I will describe the proof of the following surprising result: the typical billiard paths form the family of the most uniformly distributed curves in the unit square. I will justify this vague claim with a precise statement. As a byproduct, we obtain the counter-intuitive fact that the complexity of the test set is almost irrelevant. The error term is shockingly small, and it does not matter that we test uniformity with a nice set (like a circle or a square), or with an arbitrarily ugly Lebesgue measurable subset of the unit square.
I will talk about the computational complexity of computing the noncommutative determinant. In contrast to the case of commutative algebras, we know of (virtually) no efficient algorithms to compute the determinant over non-commutative domains. Our results show that the determinant in noncommutative settings can be as hard as the permanent.
Finding the longest increasing subsequence (LIS) is a classic algorithmic problem. Simple $O(n log n)$ algorithms, based on dynamic programming, are known for solving this problem exactly on arrays of length $n$.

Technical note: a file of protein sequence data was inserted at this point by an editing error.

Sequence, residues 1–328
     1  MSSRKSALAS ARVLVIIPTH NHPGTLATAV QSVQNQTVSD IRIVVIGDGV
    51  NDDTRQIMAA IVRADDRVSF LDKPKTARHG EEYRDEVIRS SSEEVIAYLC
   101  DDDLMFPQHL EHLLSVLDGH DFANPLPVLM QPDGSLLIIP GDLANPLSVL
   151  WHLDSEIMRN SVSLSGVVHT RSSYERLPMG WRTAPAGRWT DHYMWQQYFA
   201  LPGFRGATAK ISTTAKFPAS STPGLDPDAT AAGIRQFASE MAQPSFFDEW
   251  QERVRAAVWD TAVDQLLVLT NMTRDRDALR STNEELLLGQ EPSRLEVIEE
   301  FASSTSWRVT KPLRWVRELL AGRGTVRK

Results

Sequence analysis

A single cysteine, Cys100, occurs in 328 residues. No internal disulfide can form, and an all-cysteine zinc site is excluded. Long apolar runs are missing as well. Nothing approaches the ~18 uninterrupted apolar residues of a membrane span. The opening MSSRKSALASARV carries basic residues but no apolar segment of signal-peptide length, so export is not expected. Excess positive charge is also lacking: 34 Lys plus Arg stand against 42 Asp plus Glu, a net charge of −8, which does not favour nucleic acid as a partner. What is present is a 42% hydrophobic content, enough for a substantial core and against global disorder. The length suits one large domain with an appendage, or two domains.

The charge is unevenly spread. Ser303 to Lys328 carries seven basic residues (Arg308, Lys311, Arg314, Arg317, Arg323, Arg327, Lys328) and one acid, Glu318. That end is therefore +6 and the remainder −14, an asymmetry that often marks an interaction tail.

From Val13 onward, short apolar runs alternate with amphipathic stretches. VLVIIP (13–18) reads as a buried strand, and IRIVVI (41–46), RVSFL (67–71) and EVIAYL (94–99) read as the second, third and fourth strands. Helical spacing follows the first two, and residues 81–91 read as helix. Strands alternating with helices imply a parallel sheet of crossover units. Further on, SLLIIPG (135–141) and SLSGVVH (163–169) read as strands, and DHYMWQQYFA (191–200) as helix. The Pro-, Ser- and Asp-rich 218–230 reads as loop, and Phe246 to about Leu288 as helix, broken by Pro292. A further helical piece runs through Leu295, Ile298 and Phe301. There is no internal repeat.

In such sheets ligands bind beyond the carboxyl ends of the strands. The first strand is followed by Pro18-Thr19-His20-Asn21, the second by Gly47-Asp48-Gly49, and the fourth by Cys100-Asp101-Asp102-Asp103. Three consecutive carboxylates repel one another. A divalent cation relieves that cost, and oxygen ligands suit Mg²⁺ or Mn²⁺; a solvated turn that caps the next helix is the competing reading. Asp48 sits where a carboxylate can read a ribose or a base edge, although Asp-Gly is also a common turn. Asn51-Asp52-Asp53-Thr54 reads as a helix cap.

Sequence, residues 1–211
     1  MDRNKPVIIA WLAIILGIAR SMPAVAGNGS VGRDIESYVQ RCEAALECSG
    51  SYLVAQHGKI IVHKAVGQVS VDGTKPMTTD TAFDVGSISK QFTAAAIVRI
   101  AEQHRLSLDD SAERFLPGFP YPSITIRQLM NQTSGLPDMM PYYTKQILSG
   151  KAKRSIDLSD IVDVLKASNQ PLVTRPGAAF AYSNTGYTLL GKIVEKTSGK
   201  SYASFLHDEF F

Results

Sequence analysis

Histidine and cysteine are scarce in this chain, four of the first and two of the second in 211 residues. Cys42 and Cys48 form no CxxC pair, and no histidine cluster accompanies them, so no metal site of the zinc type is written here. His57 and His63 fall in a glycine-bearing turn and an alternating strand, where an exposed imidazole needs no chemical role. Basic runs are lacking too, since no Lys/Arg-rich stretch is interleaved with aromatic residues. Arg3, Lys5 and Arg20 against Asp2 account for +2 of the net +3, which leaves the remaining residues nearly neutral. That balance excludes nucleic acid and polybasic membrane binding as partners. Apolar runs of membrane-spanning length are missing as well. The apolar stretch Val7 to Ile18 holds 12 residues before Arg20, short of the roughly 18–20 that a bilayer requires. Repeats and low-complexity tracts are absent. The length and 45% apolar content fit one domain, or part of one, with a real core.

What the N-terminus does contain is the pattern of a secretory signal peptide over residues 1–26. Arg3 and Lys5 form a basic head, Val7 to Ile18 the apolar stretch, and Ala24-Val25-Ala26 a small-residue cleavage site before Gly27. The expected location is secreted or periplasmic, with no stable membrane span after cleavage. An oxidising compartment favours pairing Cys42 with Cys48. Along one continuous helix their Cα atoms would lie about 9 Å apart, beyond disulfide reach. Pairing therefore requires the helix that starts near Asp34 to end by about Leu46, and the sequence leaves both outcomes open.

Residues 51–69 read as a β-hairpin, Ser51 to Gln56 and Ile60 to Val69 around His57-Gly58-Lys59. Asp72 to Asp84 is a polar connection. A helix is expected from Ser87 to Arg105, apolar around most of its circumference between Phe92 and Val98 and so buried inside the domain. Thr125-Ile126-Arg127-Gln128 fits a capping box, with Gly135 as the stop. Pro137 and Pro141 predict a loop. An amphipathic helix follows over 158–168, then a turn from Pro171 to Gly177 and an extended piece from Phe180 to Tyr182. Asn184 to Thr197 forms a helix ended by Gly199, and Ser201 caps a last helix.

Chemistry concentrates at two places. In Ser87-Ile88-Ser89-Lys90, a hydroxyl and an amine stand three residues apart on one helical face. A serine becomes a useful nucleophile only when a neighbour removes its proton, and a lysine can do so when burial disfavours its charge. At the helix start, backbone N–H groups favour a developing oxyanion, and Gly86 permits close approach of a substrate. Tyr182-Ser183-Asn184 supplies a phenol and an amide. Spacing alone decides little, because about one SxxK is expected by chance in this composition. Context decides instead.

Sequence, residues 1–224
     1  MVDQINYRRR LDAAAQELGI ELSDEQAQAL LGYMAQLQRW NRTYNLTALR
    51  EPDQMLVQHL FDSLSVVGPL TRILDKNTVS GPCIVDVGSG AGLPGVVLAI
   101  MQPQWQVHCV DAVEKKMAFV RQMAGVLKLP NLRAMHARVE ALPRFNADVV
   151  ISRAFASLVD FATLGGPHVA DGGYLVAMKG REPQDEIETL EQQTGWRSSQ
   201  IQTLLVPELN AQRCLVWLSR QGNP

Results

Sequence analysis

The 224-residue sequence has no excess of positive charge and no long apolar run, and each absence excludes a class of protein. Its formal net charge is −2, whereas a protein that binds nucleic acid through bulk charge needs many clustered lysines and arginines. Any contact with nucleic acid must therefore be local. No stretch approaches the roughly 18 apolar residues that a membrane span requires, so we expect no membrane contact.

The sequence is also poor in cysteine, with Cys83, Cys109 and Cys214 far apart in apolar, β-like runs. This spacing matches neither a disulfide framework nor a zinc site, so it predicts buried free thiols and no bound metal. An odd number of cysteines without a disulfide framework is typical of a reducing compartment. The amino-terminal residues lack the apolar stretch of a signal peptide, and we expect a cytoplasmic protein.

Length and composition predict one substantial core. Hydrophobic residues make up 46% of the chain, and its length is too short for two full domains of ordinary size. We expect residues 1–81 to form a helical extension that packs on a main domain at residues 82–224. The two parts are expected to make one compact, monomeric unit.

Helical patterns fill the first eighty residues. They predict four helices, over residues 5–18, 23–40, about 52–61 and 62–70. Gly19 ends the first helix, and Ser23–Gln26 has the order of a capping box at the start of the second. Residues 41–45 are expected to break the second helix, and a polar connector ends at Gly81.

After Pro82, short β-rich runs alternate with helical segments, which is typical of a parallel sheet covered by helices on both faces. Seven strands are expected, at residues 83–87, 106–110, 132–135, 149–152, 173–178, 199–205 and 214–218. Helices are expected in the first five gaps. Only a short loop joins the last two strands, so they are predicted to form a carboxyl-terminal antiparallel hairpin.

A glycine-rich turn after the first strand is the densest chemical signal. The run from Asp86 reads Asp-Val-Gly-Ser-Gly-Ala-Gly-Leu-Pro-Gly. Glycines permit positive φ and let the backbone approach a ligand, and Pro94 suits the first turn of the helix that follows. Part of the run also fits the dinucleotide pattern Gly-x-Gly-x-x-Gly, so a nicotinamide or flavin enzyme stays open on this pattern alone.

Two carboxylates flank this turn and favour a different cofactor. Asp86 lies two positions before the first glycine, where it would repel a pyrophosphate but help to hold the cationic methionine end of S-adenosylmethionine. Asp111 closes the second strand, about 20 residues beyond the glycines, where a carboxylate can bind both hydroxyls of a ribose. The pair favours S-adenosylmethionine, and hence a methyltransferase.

The early work of Condorcet in the eighteenth century, and that of Arrow and others in the twentieth century, revealed the complex and interesting mathematical problems that arise in the theory of social choice. In this lecture, Noga Alon, Visiting Professor in the School of Mathematics, explains how the simple process of voting leads to strikingly counter-intuitive paradoxes, focusing on several recent intriguing examples.
I will discuss the problem of approximating a given positive semidefinite matrix A , written as a sum of outer products $vv^T$ , by a much shorter weighted sum in the same outer products. I will then mention an application to sparsification of finite undirected graphs.